Best Approach to Predictive Modeling for Marketing

Predictive modeling offers a customized approach for marketing. A-One sizes fit all approach is usually not ideal for your marketing strategy, as the needs your business, in particular, has might differ heavily from what works in a vacuum.

Instead, you need to customize your models as per your business requirements and do plenty of data wrangling and analysis before implementing the model.

Predictive Analytics Software

Normally, it would be safe to say that predictive models are just one type of advanced analytics. There are others like RFM and identity resolution that are not predictive in nature.

They fall into statistical models (RFM), optimization models (Attribution), cluster or segmentation models. Together, we call them advanced analytics.

For predictive modeling data is used from the following sources:

  1. Transaction
  2. CRM
  3. Customer service
  4. Digital marketing and advertising
  5. Demographic
  6. Web traffic

Developing Lookalike Predictive Analytics Model To Know Your Valuable Customers

Now, for readers to understand how a predictive analytics model actually works, we shall discuss and develop the “Lookalike Model”. In the business context, this kind of modeling is to find new customers who exhibit characteristics similar to your best profitable customers.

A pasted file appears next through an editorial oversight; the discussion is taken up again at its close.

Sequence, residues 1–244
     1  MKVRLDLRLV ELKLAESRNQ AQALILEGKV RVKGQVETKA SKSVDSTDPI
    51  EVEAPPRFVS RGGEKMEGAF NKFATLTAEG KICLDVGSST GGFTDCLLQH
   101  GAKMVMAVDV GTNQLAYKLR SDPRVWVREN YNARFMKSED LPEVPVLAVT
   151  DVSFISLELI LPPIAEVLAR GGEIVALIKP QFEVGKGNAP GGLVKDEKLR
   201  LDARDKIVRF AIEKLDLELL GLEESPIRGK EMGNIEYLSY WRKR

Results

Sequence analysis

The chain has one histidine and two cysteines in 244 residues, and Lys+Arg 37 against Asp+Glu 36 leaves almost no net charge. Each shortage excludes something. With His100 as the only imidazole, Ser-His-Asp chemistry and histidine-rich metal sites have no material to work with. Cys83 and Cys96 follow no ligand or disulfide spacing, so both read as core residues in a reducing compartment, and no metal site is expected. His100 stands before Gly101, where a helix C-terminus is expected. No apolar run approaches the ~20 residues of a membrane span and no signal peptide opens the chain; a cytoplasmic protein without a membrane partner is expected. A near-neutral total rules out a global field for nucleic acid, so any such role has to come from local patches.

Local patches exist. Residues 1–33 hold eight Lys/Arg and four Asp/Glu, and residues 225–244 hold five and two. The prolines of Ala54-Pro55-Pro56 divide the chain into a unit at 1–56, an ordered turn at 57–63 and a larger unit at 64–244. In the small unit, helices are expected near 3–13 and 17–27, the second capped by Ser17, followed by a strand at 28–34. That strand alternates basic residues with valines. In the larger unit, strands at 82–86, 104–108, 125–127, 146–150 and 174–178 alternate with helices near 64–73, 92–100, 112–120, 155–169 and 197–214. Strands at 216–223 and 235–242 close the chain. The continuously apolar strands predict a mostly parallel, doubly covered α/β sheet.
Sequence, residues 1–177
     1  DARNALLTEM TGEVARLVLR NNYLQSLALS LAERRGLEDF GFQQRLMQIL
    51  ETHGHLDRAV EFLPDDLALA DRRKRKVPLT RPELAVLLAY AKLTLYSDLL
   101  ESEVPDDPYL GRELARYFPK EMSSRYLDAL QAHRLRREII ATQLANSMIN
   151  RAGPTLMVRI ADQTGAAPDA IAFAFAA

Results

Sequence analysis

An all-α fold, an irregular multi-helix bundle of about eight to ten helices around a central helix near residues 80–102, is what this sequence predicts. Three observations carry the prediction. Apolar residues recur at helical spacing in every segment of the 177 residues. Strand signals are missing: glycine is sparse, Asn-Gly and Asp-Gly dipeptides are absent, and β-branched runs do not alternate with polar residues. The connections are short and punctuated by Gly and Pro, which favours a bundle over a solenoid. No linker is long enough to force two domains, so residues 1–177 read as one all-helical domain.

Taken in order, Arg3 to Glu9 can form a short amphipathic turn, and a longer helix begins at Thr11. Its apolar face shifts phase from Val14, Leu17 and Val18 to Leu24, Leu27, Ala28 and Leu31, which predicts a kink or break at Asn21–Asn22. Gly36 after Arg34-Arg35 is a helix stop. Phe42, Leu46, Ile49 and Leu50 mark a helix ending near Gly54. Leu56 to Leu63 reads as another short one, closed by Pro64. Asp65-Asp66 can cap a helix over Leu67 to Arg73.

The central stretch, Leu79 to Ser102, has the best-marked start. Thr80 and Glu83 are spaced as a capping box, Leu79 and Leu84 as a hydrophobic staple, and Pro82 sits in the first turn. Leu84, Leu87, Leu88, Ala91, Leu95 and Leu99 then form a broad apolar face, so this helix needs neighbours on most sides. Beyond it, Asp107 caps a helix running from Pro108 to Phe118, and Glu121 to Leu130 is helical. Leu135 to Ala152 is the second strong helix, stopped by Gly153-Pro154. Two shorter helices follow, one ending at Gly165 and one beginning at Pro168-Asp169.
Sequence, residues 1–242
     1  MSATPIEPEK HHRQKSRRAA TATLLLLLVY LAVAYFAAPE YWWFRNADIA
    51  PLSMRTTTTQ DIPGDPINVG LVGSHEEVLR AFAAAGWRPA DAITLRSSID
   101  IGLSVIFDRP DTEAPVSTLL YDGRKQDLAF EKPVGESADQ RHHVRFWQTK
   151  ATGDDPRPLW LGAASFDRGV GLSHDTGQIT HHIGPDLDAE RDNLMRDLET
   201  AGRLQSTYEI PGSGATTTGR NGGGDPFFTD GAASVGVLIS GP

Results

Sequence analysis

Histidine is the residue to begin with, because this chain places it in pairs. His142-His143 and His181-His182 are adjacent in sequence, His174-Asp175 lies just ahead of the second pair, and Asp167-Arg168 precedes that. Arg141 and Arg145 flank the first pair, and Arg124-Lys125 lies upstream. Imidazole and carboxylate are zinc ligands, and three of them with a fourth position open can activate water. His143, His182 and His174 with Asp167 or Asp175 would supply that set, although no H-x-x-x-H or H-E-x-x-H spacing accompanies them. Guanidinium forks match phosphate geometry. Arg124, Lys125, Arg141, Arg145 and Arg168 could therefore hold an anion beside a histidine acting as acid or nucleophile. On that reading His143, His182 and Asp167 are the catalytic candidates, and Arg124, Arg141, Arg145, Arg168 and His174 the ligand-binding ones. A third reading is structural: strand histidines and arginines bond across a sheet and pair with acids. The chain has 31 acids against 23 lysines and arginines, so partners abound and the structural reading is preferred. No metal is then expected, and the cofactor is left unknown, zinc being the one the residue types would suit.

For the purpose of this exercise, let’s have a hypothetical e-commerce store, and the following facts as a baseline: the best/valuable audience is people whose average purchase is $150, and who purchase thrice a month.

Now, then, we shall use the Lookalike Model to find more customers who meet these criteria. Thus, the Lookalike Model is to forecast whether the new customer is as valuable as your existing valuable customers.

In order to build a Lookalike Model for an e-commerce platform, our data analyst Pankaj Katkar performed the following steps:

Data Gathering: